Check out this interview that Mathias Döpfner had with Jeff Bezos in Berlin. They cover a lot of ground, and towards the end (skip ahead to 38:00), Jeff reveals why it is so important that humans (eventually) colonize other planets.
In a nutshell: as the animals that we are, our bodies burn energy at a rate of a 100W (of which 60W is for our brains). So: we need 100 W just to be alive. But a modern, civilized human – living in a climate-controlled house, and traveling, and working – easily burns 10 times that 100W, in terms of his or her energy usage. On Earth, the number of humans will keep increasing, as will their energy needs, as civilization progresses. We have become more efficient at harnessing resources from Earth and our sun for energy, but it will not be enough. We have to find extraterrestrial resources to harness, and to generate energy from, to ensure that humans can survive another 1,000 years and more.
Tomorrow is Earth Day. Let’s all pledge to 1. make more use of public transport where possible, and 2. to make our next car an electric one. Electric cars still make up less than 1% of global sales. Yikes.
I spotted a Knightscope security robot today, in a shopping mall parking lot in Bellevue. These are autonomous 6-ft high, 400-lb machines, filled with sensors. The robot scans the environment around it to create 3D images, and to check for unusual situations. I am sure they can already capture car registration numbers. Hmm .. and eventually, recognize the ‘FBI’s Most Wanted’ humans through face recognition?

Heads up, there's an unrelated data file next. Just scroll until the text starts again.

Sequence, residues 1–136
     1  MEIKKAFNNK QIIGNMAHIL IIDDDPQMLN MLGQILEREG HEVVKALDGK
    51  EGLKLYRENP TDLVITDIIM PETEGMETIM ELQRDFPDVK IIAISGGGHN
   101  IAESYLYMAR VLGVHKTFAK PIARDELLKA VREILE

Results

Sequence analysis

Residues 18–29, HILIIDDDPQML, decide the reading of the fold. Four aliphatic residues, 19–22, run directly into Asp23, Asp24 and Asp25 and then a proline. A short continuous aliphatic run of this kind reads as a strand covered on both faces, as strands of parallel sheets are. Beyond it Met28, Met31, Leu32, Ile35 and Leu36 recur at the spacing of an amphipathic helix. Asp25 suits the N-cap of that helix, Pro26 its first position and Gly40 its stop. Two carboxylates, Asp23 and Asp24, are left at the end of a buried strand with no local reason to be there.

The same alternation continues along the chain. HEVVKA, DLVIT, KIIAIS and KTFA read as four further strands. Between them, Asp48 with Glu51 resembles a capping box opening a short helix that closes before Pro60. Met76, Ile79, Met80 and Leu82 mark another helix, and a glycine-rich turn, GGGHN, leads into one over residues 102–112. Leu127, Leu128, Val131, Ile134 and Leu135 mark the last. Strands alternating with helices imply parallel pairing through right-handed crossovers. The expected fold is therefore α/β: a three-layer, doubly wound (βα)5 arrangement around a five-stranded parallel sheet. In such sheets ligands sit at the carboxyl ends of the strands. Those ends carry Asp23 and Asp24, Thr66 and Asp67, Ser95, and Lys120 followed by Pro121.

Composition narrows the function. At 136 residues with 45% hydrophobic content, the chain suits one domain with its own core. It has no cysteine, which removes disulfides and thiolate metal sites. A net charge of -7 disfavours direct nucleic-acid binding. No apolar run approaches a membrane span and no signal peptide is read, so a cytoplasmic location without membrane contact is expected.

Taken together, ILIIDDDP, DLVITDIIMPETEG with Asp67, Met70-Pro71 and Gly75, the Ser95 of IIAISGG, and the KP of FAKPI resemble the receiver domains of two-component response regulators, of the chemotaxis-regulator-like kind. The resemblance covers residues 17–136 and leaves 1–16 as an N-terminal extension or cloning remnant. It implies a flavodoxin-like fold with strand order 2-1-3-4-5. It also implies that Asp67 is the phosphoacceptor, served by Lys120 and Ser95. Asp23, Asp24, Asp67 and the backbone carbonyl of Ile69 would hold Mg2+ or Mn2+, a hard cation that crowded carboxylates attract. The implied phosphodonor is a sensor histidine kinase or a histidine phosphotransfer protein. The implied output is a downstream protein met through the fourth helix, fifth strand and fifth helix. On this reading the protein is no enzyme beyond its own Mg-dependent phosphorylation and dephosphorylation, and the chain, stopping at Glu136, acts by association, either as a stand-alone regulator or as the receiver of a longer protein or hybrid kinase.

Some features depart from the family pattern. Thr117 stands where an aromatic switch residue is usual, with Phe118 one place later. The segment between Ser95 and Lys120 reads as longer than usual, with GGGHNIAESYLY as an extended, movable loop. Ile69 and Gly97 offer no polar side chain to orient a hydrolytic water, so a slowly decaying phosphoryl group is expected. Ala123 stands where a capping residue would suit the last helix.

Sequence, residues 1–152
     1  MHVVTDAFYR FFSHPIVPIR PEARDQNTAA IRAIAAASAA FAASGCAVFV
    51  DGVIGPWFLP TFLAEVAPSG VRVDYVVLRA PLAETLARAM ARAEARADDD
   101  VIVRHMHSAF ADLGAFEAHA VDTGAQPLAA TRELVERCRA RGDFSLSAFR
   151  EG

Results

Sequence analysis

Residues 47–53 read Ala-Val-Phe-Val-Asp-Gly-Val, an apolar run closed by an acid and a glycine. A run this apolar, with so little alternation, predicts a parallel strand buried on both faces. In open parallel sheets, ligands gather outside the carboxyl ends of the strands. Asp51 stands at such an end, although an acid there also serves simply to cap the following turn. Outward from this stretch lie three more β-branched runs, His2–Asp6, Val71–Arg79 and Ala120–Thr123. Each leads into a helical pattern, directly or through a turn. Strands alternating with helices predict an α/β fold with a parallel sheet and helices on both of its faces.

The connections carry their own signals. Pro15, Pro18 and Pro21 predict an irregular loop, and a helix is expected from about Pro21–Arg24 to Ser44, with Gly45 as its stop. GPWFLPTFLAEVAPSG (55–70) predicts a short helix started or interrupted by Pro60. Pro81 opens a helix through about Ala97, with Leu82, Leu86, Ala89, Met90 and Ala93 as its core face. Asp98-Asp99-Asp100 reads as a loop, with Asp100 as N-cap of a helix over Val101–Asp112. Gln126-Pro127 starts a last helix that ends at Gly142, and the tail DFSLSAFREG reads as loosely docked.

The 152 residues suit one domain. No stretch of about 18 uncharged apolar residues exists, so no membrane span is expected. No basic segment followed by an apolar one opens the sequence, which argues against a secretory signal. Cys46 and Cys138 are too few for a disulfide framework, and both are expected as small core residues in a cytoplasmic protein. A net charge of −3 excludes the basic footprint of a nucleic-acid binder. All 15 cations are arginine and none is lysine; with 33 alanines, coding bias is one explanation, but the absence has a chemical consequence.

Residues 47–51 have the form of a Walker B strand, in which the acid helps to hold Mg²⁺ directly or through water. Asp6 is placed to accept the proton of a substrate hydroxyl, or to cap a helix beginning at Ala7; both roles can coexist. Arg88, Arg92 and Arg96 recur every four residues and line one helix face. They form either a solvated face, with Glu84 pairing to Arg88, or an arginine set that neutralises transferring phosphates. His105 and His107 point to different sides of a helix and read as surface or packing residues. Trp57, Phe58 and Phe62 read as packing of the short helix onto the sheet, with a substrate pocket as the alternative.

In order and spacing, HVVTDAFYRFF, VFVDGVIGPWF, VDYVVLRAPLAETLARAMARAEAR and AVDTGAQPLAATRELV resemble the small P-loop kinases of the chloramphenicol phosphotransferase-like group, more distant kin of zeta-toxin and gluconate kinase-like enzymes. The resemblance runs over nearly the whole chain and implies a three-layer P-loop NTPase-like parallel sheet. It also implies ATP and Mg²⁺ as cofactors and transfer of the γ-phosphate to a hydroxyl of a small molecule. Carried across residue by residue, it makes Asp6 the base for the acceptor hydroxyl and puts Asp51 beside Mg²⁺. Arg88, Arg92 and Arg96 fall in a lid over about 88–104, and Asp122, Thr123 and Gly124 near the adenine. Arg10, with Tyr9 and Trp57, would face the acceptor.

I am not deleting my Facebook account, but they have lost my trust. Facebook will do almost anything for money. A sample: they enabled Russians to buy fake news ads (and pay in rubles) for the 2016 US Presidential election scandal, they enabled hate speechers to find target audiences on Facebook; allowed third parties to extract personal data, and then failed to follow up to make sure the data is deleted (the Cambridge Analytica scandal); scanned images and links sent from Messenger.
So now I go in every other day into my Facebook settings, and I am systematically deleting anything that they can use to sell me stuff. No more favorite movies or books, deleting my interests, do not enable just anyone to view my profile, do not enable face recognition in my photos, delete all connections to other apps. Sending money with Facebook? (yes, it can be done). Never.
We spotted a Tesla Model 3 across the street while we were having a beer and a bite at Elysian Capitol Hill Brewery on Saturday night. It’s amazing how much smaller in size, just 11 inches in length can make a car look (185″ long vs. 196″ for the Model S). I liked the styling and the lines on the Model 3 a lot.
BloombergBusinessweek calls the Spectre and Meltdown security vulnerabilities in billions of Intel & Apple computers all over the world, that became public early this January, ‘staggering security flaws’. (Intel is getting most of the flak. Ninety percent of the world’s computers, and 99% of servers, run on Intel chips).
So .. is there a somewhat straightforward explanation of these two types of attacks? And what is a poor sap such as me to do with his computers and devices (besides taking up a life in the woods and refrain from using them)?
It turns out almost all the big tech companies (Apple, Google, Facebook, Amazon, and others) have worked together since June 2017 to create software patches so that hackers would not exploit the flaws. But fixing the problem for all platform and hardware combinations still has a long way to go.